Note: In the example pam.d directory,
a sshd file is not present, so unless you
create one, you will be unable to login via ssh, if it uses pam (OpenSSH does
After you've unpacked the sources, check the makefile. For most
configurations, it doesn't need to be edited. Anyway, if you want to use SSL
you must link against an SSL aware LDAP library, such as the Netscape one.
Assuming that the ldap sdk is in /usr/local/ldapsdk
you have to modify the Makefile to enable SSL. Look for NSFLAGS in
Makefile.linux.mozilla and uncomment -DSSL.
Also check the LIBS definition to see if the ldapssl library specified
in the file is the same that you have installed (ldap_nss.so compiles with both
libldapssl40 and libldapssl30).
Then you can install the library:
$ make -f Makefile.linux.mozilla
# make -f Makefile.linux.mozilla install
this installs /lib/libnss_ldap.so,
which is the nss_ldap library, and a set of example configuration files,
/etc/nsswitch.ldap and /etc/ldap.conf, in case they do not exist
Once you have installed it you must edit the NSS configuration file
/etc/nsswitch.conf. Tough LDAP can be used for all the
services we use it only for passwd, group and shadow therefore we should have
NSCD is already available in many Linux distributions, anyway it can be
found within the GNU C library package.
The NSCD configuration file is /etc/nscd.conf. Each
line specifies either an attribute and a value, or an attribute, cachename, and a
value. Fields are separated either by SPACE or TAB characters. cachename can be
hosts, passwd, or groups (in our case we won't cache hosts).
enable-cache passwd yes
positive-time-to-live passwd 600
negative-time-to-live passwd 20
suggested-size passwd 211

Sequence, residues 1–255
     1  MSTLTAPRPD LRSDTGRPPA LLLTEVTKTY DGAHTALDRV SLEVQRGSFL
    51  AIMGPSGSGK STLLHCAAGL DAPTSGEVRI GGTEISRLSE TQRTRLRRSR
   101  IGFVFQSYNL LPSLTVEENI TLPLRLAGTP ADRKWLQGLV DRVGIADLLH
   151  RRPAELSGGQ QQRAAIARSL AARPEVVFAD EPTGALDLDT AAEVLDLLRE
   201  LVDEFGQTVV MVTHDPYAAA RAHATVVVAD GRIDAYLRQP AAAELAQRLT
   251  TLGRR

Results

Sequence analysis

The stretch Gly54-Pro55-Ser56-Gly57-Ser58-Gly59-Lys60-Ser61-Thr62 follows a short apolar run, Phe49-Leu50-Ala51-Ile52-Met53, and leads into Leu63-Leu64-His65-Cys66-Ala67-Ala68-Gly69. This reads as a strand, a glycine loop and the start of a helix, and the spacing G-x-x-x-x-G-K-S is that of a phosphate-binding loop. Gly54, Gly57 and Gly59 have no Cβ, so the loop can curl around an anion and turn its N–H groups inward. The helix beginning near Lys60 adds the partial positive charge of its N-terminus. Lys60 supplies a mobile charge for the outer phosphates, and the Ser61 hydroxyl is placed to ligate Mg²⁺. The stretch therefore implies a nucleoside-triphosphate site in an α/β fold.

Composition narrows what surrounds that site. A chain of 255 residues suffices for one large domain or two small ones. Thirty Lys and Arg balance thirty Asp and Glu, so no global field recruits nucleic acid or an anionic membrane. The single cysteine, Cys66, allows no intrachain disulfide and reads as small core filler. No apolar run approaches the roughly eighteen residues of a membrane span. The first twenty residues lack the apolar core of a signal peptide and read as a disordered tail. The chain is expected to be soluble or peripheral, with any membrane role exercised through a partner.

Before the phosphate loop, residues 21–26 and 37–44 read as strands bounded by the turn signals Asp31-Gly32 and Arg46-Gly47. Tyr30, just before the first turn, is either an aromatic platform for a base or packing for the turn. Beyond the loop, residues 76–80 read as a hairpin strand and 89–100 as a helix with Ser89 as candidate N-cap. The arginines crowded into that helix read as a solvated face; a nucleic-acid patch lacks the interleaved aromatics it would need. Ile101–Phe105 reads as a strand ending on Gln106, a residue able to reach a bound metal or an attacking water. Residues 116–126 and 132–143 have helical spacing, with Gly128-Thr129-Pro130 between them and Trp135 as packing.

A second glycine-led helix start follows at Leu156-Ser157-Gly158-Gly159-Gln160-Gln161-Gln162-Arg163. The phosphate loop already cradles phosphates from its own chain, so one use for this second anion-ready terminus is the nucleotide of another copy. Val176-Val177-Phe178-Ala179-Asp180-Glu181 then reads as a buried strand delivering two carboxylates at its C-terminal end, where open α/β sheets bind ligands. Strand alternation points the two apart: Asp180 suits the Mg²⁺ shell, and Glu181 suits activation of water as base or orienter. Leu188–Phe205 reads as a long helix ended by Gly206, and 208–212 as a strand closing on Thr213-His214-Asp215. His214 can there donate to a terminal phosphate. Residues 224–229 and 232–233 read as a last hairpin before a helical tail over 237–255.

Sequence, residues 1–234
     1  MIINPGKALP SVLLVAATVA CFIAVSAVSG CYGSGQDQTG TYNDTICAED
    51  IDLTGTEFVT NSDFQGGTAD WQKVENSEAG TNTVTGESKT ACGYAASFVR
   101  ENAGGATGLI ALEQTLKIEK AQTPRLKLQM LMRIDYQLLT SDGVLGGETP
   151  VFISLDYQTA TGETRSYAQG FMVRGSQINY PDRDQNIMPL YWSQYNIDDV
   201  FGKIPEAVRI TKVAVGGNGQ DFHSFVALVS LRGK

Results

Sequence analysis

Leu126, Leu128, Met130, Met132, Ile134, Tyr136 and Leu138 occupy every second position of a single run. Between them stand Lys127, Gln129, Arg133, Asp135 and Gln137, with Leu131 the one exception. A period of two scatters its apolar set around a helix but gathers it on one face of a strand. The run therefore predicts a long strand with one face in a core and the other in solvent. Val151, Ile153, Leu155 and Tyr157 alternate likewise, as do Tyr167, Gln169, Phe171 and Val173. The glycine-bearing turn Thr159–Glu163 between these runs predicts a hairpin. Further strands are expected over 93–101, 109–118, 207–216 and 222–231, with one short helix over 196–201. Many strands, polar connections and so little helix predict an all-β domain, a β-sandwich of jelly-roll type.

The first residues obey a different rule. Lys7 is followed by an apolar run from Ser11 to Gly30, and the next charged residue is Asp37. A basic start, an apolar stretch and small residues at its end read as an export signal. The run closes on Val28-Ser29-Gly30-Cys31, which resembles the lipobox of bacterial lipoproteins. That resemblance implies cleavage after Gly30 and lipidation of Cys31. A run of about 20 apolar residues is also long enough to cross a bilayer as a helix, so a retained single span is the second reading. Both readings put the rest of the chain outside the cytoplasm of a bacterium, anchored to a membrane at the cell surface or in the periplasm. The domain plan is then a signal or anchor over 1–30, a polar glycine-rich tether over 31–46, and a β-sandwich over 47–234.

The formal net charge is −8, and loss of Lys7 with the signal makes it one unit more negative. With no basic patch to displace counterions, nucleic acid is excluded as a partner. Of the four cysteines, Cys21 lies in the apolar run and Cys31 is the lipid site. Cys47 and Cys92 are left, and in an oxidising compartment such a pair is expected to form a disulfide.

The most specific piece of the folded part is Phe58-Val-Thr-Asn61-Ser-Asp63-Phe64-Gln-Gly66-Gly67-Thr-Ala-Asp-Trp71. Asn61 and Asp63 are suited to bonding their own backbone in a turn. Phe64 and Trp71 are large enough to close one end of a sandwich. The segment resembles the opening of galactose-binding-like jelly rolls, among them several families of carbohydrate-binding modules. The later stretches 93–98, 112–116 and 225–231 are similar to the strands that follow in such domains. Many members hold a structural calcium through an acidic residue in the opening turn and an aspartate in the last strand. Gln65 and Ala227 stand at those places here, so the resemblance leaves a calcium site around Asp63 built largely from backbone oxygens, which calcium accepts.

keep-hot-count passwd 20
check-files passwd yes
enable-cache group yes
positive-time-to-live group 3600
negative-time-to-live group 60
suggested-size group 211
keep-hot-count group 20
check-files group yes
Keep in mind that the nscd program caches passwd entries obtained from
This means that when an user is modified on the ldap server, the nscd
cache remains valid. This is avoided when using flat unix files by the
check-files directive that invalidates the cache when the corresponding file is
modified. Such a mechanism should be generalized, at the moment anyway does not
apply to LDAP. A way to avoid possible misalignments between the LDAP server
and the cache is to invalidate the cache manually when updating passwd entries
with the command:
Where TABLE can be passwd, groups or hosts.
To avoid confusion when testing, do not use nscd.
Moreover using nss and nscd will produce a lot of open filedescriptors,
so is easy to run out of available filedescriptors on the system (this can hang
You can increase the maximum number of filedescriptors in a Linux box
(Kernel 2.2.x) with something like:
#echo 16384 > /proc/sys/fs/file-max
The maximum number of filedescriptors suggested for a system depends
anyway from the configuration of your system.
The LDAP client configuration file /etc/ldap.conf is
read by pam_ldap and nss_ldap as well as other LDAP clients. The following is an
example of how it should look like in our environment.
# $Id: section-pamnss.sgml,v 1.2 2001/03/26 16:57:07 rolek Exp $
# This is the configuration file for the LDAP nameservice
# switch library and the LDAP PAM module.
# PADL Software
# If the host and base aren't here, then the DNS RR
# _ldap._tcp.[defaultdomain]. will be resolved. [defaultdomain]
# will be mapped to a distinguished name and the target host
# will be used as the server.